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Updated: December 28, 2012 6:04AM
Taking dogs to cemetery
is disrespectful to dead
It’s bad enough that I lost my 25-year-old innocent son to a drunk-drugged driver and watched him die in my arms when I disconnected his life support on Thanksgiving Day.
I visit him at Maplewood Cemetery in Crown Point every Sunday. When I visited him recently, there were four people walking their dogs; one lady let her yellow Labrador run loose in the cemetery. This was not the first time this has happened; it was just enough to upset me to the point of voicing my opinion.
I have watched people walking their dogs in the cemetery since I buried my son last November. These dogs run all over people’s graves and hike their legs on headstones and grave markers. It is so disrespectful! Take your dog to the park.
Don’t get me wrong; I have no problem with dogs, as I have four of my own. But I do not take them to the cemetery for walks or to visit my son, who also loved dogs.
Shame on all of you; how can you sleep at night, knowing your dog walked all over and did his business on someone who has passed away?
Would you let your dog do this to your loved one, mother, father, sister, brother, child, husband, wife, etc.?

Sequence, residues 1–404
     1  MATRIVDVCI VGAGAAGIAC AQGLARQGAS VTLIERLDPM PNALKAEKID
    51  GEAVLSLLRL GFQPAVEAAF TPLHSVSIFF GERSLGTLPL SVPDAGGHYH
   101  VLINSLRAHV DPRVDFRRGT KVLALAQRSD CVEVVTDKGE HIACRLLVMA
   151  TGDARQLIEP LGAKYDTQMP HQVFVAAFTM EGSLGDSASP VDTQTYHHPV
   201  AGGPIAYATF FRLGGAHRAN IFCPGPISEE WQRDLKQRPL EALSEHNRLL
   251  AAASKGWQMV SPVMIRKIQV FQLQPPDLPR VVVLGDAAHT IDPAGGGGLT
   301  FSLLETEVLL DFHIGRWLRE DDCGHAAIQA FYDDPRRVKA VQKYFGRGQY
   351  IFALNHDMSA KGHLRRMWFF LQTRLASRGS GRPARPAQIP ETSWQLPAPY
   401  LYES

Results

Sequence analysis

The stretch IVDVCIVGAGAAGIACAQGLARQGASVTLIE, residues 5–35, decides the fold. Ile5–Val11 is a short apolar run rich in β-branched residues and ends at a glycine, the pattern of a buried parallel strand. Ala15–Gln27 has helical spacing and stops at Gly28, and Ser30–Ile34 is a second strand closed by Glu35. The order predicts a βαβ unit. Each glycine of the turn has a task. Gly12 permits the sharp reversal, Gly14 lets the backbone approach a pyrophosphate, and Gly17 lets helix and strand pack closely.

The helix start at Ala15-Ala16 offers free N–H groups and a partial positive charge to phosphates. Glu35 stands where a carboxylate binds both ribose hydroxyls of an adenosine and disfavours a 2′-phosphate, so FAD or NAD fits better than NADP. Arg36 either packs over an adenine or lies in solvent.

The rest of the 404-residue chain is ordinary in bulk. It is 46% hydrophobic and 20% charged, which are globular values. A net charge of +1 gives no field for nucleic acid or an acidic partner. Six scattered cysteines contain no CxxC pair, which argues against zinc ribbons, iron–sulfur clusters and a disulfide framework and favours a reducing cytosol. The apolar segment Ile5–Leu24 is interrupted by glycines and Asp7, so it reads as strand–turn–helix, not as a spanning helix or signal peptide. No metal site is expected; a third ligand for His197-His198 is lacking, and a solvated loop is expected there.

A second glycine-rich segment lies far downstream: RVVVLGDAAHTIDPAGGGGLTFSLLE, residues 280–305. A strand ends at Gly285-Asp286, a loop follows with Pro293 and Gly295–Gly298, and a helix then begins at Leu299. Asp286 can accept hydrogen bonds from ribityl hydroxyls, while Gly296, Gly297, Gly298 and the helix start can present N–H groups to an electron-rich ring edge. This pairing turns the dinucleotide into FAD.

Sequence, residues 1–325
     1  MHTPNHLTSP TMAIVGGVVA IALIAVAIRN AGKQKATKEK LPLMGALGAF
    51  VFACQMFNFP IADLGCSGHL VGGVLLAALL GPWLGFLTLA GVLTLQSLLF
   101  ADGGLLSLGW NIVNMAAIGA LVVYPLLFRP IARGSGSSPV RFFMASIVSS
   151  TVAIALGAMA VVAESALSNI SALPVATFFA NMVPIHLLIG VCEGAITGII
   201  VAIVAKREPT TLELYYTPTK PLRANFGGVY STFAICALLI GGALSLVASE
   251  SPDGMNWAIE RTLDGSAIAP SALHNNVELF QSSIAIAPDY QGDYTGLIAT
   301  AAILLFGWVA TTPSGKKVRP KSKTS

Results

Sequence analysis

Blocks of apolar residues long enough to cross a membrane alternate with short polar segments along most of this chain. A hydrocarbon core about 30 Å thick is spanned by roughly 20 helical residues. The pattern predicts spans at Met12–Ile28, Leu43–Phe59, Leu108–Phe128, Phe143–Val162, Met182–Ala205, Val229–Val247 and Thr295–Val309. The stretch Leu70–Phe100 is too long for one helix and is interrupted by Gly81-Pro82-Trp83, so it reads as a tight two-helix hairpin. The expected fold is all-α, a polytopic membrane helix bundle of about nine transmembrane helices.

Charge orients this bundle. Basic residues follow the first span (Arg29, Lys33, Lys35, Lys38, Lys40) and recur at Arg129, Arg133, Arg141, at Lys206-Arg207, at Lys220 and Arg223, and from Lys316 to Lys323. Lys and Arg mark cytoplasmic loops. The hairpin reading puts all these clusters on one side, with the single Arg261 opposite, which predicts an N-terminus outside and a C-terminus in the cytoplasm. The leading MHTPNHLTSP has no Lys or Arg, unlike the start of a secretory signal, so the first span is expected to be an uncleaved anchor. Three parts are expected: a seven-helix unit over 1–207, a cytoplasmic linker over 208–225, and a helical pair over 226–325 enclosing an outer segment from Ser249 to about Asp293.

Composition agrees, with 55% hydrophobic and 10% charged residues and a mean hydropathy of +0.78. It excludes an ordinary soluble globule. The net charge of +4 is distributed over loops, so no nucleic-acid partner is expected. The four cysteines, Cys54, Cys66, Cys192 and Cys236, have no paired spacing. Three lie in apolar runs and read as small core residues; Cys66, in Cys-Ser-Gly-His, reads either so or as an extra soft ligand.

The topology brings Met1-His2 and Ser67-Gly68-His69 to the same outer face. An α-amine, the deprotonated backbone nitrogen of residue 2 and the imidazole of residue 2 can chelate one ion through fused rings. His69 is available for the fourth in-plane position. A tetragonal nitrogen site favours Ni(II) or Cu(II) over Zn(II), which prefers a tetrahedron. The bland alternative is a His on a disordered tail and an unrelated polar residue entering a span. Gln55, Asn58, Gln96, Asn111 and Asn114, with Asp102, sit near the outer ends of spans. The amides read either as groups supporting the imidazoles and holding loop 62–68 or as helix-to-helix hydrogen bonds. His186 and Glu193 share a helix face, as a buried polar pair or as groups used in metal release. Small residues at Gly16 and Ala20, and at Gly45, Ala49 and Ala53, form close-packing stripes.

Please go to the park.
Thank you, Ryan’s mom.
Now that election is over, it’s time to put America first
The election is over, but the fight has just begun. It’s not surprising that those who voted for Mitt Romney were shocked when President Barack Obama not only won, but won big.
Why was the far-right shocked?
Because its only source of information had been Fox News and Rush Limbaugh.
Obama’s success is, indeed, a mandate for truth. The cavalier skewering of facts and figures by the Romney campaign became so obvious that everything said on that side became suspect.
The electorate rejected the deception and obfuscation and, ultimately, allowed truth to rule the day.
Elections have consequences.
The blatant voter suppression by Republican-led legislatures in swing states motivated affected citizens to endure the duress in order to exercise their rights to vote and for their voices to be heard. And the voice of the hoi polloi was not a whisper, but a roar across this country.
Everyone counts — regardless of race, color, religion or financial status. Democracy is alive and well.
But Obama must accept the fact that the other side of the aisle does not like him, does not want him and will do everything possible to defeat him.
Those congressmen determined to oppose any effort by Obama to create jobs and reduce our deficit in a fair, sustainable way must change their ways. It’s time to put country first — our country.
Joe E. Gutierrez